Encourage Conversations with Wordless Books!

By Lauren Lowry
Hanen Certified SLP and Clinical Staff Writer

The following statement might surprise you:

Reading a book that doesn’t have any words is great for a child’s language development.

You might be wondering how a book without any words could possibly help a child learn about language. You might also be wondering about how to “read” a book if there aren’t any words! Keep reading to find out…

When you read a children’s storybook, the written words you read out loud expose the child to helpful things like new vocabulary and ideas. But many of the benefits of reading with young children don’t happen because of the words written on the page; they come from the conversations we have with children while sharing the book together. These conversations help children:

  • Understand the story
  • Connect new ideas with what they already know
  • Use thinking skills like problem-solving and using their imagination.

When you and your child have conversations about the story, it keeps them interested, engaged, and having fun!

A recent study compared how parents shared a picture book with words versus a wordless book with their children [1]. While  both kinds of books encouraged helpful talk from parents, the wordless book encouraged more interaction and conversation. In fact, children said more than twice as much while looking at the wordless book, including offering their own comments and ideas (as opposed to just answering the adult’s questions).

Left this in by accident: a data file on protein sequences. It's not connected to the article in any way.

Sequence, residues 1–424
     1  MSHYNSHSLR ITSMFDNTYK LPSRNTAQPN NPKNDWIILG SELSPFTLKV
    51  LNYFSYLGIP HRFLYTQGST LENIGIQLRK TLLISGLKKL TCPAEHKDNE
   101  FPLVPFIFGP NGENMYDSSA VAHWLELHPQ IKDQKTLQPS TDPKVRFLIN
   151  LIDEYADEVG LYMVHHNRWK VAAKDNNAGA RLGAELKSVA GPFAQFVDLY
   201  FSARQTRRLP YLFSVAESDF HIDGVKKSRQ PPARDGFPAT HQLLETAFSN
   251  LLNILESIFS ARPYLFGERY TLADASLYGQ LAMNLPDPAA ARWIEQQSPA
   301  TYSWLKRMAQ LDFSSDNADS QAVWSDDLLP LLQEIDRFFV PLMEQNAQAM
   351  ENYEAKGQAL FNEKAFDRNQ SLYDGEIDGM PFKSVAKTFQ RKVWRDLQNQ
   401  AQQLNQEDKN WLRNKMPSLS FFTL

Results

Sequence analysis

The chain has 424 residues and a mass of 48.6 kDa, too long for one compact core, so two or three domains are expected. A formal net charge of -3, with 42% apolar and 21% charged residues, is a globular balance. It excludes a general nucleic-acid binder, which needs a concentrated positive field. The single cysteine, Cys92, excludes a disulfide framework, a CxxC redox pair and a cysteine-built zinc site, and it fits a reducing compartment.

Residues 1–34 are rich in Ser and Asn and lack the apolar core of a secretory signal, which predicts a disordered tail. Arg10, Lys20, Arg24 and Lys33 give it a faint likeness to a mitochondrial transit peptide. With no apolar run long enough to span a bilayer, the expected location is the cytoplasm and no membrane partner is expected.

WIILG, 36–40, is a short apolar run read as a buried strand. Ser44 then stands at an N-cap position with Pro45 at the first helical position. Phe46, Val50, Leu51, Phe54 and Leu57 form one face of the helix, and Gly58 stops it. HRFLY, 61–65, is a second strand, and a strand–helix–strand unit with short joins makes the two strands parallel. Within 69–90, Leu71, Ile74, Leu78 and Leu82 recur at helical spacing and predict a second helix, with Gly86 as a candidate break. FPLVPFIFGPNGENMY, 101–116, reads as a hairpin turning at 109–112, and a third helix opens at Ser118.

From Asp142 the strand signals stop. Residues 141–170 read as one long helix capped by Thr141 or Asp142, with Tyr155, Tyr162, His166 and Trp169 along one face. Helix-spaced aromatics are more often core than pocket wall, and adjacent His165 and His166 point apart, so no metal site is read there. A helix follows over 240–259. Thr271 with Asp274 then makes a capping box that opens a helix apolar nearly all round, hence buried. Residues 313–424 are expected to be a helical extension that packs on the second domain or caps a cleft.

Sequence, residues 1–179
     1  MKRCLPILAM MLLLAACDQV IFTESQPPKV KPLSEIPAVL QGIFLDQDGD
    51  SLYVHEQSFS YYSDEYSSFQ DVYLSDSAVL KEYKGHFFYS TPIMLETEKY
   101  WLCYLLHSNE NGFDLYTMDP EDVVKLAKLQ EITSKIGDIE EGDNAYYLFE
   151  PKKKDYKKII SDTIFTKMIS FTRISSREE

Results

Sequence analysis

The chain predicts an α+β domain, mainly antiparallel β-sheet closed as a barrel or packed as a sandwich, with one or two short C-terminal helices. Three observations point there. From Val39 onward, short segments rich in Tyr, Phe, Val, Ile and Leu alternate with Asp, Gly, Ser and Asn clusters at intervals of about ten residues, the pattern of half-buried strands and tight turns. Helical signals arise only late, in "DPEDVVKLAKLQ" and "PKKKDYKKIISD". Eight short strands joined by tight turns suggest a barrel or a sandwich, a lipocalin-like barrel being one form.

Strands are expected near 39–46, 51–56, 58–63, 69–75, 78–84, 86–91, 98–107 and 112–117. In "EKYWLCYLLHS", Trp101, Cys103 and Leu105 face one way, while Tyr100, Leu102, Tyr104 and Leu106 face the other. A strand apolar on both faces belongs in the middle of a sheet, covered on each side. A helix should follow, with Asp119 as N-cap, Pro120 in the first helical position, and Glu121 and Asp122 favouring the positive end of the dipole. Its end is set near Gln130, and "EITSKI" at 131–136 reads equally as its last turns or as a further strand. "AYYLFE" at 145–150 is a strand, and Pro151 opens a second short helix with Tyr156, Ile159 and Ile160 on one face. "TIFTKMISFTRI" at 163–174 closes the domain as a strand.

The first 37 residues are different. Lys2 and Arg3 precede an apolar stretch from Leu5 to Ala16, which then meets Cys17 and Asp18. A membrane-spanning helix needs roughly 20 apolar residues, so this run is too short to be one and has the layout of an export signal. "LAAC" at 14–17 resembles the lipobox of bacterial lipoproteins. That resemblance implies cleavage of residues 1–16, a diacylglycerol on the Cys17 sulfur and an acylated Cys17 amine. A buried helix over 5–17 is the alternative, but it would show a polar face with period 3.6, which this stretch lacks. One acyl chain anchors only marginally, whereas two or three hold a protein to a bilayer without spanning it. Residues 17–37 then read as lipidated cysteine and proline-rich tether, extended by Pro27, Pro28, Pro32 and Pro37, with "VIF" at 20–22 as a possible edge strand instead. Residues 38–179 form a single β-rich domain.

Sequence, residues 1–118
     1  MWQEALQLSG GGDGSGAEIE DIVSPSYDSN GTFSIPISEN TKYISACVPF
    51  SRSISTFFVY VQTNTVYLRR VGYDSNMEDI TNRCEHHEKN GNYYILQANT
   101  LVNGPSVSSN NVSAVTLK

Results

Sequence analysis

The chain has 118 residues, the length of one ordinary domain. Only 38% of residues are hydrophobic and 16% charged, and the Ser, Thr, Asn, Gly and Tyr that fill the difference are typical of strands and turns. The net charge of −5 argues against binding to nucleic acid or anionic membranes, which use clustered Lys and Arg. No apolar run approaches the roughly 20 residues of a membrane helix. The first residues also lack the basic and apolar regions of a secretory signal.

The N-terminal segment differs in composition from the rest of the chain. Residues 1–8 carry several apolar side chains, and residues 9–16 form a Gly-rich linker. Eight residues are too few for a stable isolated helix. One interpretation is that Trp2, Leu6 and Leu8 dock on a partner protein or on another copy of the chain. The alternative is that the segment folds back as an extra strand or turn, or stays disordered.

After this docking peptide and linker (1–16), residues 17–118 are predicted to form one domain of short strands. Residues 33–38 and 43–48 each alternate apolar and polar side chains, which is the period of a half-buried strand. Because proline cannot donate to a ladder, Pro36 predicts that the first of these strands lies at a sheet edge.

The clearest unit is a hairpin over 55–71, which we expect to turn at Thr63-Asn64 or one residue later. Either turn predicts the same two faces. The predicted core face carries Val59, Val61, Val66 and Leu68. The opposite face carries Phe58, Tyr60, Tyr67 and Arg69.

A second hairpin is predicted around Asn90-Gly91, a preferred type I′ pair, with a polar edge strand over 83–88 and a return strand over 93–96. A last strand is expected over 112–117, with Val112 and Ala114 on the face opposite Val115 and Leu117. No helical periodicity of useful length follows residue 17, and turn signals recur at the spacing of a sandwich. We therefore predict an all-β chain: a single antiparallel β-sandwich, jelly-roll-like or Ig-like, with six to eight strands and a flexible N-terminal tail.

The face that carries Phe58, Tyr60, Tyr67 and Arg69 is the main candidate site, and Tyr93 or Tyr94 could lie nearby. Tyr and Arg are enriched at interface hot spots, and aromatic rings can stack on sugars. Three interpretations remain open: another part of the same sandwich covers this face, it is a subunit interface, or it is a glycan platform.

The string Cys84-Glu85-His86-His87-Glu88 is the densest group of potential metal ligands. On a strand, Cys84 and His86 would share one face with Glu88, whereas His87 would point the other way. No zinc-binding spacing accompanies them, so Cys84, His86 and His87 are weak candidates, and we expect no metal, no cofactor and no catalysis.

Why do wordless books encourage conversation?

When reading a traditional storybook with words, it’s very tempting to read through the entire book while the child listens. While there is value in hearing stories read this way, it doesn’t always encourage conversation. However, when a book doesn’t have any words, it makes sharing the book a two-way activity as the adult and child tell the story by “reading” the pictures together. This puts the child in a much more active role because they are not just simply listening to the story. Talking about the pictures and telling the story together makes conversations take off!

Five tips for having conversations with wordless books (or with any book!)

  • Choose wordless books that are based on your child’s interests – Just like books with words, wordless books should appeal to your child’s interests. For example, if your child loves animals, they might like Goodnight Gorilla by Peggy Rathmann, a wordless book about a mischievous gorilla who lets his fellow zoo animals out of their cages at night.
  • Read the book more than once – During the first reading, talk about the picture on the front cover and help your child predict what the book might be about. Then browse through the pictures in the book together, noticing what the characters are doing and their facial expressions, and make some guesses together about what the story is about. Once you’ve finished this first look through the book, you can go back to the beginning. Now you’re ready to start having conversations about the story. The more familiar your child becomes with the story, the more they’ll have to say about it.